Lemons, probably the most important fruit for European and Middle Eastern Cuisines. Lemons originated in Northern India and became widely cultivated in the Mediterranean thanks to the Arabs.The crusaders brought back lemons from the Holy Land to Northern Europe at the end of the 12th Century. This was the first time they were eaten in Europe.Great courtyards all over Spain during the time of the Moors were filled with Lemon and Orange trees. Such gardens still exist. The Alhambra in Granada for example.Lemon trees like plenty of water, but not a lot of rain. The reason is thought to be, because it evolved in forests where they lived in the shade of bigger trees, so that very little water fell on the lemons.
These were modelled on the Orangeries of France, popular at the time. (1500’s) Lake Garda is the most northern growing area for lemons in Europe. The lemons were grown around this deep and vast lake,and the surrounding mountains screened off the cold air from the Alps. Because of it’s depth the lake had a warming influence. However it was still too cold for the lemons. So the growers created high walls which then were covered in from November onwards. Glass panels let in light and often stoves or fires were lit on the coldest nights. In this way the trees were kept alive in the winter and in the spring the lemon houses were re opened.The fruit was sold throughout Northern Italy, Austria and Germany.Jane Grigson in her ” Fruit Book” speaks of
“sitting out of doors at Limone on Lake Garda, drinking…….a first cold Limone Spremuta, squeezed from lemons grown around the village, so improbably near the chill and snow of the Alps.”
D.H. Lawrence writes of the lemons of Lake Garda in “Twilight in Italy”
The greatest contribution of lemons to humans, are it’s health properties. Vitamin C. The lack of it causes scurvy, a plague for sailors through the centuries. Vasco da Gama was the first to write of an outbreak of scurvy at sea, after months of no fresh fruit or vegetables .Often after the very long voyages of discovery, ships arrived back in their home ports, (sometimes) with a skeleton crew, many lost through scurvy.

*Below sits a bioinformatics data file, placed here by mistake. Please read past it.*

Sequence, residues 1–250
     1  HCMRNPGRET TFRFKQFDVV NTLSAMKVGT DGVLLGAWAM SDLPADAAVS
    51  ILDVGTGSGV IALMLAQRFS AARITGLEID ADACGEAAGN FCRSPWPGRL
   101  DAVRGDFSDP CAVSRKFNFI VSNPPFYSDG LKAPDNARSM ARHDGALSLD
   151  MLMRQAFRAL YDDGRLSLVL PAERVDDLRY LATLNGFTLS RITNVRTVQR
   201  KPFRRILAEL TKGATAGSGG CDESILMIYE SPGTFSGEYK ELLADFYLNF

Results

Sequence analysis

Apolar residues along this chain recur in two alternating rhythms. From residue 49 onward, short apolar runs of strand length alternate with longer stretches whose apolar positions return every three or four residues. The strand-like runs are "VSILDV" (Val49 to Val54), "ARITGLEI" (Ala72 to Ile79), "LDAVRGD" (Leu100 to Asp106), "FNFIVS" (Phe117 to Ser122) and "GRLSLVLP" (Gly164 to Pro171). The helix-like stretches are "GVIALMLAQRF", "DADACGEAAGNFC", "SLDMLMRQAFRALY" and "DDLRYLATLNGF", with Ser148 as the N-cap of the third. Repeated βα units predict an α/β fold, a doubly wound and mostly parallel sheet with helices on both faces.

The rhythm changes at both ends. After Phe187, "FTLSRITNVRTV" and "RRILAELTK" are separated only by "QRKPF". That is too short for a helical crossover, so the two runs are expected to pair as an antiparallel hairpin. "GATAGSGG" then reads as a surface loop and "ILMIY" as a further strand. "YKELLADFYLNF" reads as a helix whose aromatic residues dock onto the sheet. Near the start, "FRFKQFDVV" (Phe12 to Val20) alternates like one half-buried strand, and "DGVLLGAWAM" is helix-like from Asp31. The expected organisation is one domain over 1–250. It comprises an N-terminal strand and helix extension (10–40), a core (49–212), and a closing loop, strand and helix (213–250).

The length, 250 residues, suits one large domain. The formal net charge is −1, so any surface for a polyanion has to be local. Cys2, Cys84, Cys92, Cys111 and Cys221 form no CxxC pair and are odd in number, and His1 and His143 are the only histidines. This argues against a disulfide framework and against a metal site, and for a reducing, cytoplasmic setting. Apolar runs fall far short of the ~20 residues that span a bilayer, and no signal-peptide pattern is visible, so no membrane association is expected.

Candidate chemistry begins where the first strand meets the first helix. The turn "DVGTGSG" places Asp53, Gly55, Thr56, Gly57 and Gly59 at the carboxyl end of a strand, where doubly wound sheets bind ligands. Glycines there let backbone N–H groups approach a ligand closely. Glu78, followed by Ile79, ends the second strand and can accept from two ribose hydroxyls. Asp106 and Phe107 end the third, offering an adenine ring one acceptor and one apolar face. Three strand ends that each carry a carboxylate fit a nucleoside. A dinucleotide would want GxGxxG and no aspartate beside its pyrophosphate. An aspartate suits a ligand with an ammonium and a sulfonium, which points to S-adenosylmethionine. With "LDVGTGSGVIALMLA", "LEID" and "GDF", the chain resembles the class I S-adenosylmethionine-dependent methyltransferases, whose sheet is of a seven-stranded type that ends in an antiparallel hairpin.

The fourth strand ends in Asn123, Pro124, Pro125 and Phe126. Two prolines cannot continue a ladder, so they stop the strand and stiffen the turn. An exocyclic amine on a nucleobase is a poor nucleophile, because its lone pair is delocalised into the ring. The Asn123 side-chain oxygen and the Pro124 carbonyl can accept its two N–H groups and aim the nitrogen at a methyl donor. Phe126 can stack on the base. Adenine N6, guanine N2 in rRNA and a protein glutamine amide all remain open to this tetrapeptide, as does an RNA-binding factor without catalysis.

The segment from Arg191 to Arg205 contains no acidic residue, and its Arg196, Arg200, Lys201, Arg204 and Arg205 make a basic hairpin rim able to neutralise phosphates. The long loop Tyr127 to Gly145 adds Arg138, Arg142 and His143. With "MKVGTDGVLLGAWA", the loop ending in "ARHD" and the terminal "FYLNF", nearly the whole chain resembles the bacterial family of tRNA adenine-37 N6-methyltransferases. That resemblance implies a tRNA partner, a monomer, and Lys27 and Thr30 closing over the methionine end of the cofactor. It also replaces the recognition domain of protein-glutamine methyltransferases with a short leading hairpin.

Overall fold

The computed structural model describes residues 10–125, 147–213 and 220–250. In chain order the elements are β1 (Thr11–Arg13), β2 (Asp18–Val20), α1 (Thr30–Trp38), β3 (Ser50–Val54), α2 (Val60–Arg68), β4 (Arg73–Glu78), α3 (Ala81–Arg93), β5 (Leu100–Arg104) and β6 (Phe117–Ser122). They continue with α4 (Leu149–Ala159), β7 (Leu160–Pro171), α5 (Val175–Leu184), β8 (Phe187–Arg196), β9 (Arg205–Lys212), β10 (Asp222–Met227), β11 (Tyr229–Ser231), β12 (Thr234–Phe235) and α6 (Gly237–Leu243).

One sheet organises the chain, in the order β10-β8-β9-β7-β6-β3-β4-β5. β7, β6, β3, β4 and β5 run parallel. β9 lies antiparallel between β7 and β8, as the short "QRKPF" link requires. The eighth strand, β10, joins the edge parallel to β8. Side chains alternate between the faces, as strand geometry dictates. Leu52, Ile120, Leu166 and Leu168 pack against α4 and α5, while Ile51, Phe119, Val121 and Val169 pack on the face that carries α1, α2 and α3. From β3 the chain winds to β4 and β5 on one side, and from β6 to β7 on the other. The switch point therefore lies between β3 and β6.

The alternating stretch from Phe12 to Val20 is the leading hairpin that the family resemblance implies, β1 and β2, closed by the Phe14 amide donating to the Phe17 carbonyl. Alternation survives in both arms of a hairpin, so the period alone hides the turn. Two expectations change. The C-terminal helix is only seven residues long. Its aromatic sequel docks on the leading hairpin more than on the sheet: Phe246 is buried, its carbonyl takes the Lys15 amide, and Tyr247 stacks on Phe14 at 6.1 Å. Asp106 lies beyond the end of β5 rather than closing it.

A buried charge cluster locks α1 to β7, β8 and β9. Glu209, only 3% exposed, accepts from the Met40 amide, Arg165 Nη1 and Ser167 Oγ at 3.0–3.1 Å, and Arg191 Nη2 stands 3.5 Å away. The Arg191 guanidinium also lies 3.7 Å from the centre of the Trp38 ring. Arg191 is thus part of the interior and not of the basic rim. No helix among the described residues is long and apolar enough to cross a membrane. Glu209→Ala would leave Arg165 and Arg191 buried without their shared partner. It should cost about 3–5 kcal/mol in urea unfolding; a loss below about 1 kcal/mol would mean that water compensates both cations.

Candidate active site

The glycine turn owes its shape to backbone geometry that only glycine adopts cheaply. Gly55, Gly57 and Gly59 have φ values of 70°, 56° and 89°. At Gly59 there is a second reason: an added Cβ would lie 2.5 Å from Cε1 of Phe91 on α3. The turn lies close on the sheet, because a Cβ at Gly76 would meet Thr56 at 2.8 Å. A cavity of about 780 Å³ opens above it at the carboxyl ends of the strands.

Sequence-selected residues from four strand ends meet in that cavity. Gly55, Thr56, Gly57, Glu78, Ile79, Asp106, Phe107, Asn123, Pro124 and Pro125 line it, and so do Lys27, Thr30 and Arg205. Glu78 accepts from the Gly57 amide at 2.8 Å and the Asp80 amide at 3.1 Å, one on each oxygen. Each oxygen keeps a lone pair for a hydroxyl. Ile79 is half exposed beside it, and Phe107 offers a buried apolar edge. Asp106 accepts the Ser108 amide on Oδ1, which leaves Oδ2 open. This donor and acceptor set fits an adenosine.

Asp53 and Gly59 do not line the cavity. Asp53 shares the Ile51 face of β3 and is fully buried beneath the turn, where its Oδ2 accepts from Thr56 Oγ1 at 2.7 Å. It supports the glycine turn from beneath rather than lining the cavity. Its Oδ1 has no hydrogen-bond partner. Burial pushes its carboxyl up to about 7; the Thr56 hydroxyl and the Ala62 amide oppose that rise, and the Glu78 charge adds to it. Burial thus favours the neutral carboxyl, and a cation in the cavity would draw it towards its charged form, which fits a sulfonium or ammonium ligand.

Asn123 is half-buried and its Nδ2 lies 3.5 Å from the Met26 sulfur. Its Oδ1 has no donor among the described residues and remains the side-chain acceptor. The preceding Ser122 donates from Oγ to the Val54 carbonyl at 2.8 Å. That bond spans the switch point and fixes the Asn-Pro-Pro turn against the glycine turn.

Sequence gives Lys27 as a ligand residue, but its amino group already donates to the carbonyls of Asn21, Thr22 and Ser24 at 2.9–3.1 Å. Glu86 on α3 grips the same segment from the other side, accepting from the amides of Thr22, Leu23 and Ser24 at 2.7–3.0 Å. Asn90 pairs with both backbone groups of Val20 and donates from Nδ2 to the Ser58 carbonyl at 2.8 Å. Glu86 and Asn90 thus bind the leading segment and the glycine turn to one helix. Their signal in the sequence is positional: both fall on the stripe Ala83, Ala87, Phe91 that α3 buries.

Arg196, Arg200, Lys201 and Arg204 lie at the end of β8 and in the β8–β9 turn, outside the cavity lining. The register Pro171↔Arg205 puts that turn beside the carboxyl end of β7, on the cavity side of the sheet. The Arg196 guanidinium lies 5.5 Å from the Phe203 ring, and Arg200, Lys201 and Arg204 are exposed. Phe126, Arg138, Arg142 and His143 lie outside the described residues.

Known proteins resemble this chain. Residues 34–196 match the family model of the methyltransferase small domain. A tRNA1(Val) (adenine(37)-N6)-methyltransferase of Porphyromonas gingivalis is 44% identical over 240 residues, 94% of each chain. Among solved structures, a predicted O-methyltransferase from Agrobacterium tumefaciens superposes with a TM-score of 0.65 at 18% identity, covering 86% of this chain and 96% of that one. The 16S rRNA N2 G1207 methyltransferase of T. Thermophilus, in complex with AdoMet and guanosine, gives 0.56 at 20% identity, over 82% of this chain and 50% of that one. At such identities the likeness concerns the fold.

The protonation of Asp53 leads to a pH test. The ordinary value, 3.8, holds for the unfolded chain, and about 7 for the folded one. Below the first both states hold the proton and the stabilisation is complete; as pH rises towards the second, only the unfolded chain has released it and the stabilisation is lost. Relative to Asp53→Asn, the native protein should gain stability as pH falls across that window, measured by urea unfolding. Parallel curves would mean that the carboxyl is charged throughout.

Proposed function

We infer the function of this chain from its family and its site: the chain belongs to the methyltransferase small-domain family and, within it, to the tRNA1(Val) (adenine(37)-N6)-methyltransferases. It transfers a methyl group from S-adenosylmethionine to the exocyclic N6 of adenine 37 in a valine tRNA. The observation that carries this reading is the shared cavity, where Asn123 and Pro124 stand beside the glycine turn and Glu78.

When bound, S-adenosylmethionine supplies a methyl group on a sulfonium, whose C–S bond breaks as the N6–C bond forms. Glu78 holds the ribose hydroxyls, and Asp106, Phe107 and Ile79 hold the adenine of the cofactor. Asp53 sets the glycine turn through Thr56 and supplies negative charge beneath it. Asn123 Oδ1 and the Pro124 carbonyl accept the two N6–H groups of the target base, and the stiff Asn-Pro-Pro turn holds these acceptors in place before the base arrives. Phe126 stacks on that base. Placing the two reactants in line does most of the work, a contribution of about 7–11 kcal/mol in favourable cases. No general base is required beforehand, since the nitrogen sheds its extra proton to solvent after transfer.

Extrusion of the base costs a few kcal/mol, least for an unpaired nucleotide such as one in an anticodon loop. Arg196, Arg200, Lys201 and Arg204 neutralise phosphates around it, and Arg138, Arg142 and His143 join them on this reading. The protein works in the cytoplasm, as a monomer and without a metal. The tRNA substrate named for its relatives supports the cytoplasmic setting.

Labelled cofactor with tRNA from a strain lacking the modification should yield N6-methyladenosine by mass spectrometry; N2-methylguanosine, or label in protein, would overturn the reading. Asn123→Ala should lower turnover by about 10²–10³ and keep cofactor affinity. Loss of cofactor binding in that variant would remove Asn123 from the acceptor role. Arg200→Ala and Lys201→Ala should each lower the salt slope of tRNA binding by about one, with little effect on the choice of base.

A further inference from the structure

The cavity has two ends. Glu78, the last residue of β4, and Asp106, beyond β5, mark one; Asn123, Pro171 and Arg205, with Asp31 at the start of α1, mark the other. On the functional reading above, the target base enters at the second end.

The British were the first to take steps to carry anti scurvy provisions for sailors. Ships captains were ordered to carry enough lemons for sailors to receive a daily dose of juice after 5/6 weeks at sea.
In cooking lemons provide pectin, so important in the making of Jams and Jellies.Also the zest is highly valued as it contains essential oils and so not only flavours but perfumes.
A short collection of stories by Elizabeth David, published by Penguin to mark the 60th anniversary is called “I’ll be with you in the squeezing of a lemon” a quote from Oliver Goldsmith’s play “She stoops to conquer”.
So what is your favourite lemon squeezer? Here are a few I have on my shelves.
“Three good things on a plate.”
500g floury potatoes, peeled and cubed, 1 garlic clove, peeled; 100ml extra virgin olive oil. Finely grated zest and juice of 1-2 Lemons.
Put the potatoes and whole garlic in a pan, cover with water add salt. Boil, then lower heat and simmer till tender 15-20 mins.Drain and reserve the cooking water, allow to steam dry in the colander for 5 mins.Pass the potatoes and soft garlic clove through a potoe ricer or mouli.Use a wooden spoon to combine the mash withe extra virgin olive oil and some salt and pepper, then add the juice of 1 lemon. Taste and add more lemon juice if you like. add the zest. Add some of the cooking water to give a loose , creamy consistency.
I have served it with steamed cod fillet and buttered spinach.
100g butter very soft. 175g caster sugar, finely grated zest of 2 lemons and juice of 3. 4 eggs seperated, ( must watch this) 50g plain flour, 500ml milk.
I make these in up to 8 small ramekins, but original recipe is for one large 2 litre ovenproof dish.
In a food processor cream the butter with the sugar until it is white and fluffy. May need to scrape down the sides of the bowl. Add the lemon juice and zest. The mixture may curdle at this point, but it will ok. Add the eggs yolks one at a time. Then slowly add the flour and the milk alternatingly. You should now have a batter. In a clean bowl, whisk the egg whites till they reach peaks, then fold gently into the mixture. Pour this mix into either buttered ramekins or large buttered oven proof dish, then cook in a roasting dish with hotwater coming halfway up the sides.Bake at 180°c or gas mark4 for 25 mins for ramekins or 45 minutes for large dish. The sponge will have risen and it will be golden brown.
Another interesting use of lemons was discovered by Cassanova in the 18th century. What a man!
Original recipe for lemon pudding from Margaret Costa. Other references Alan Davidson, and Margaret Visser, “Much depends on dinner”.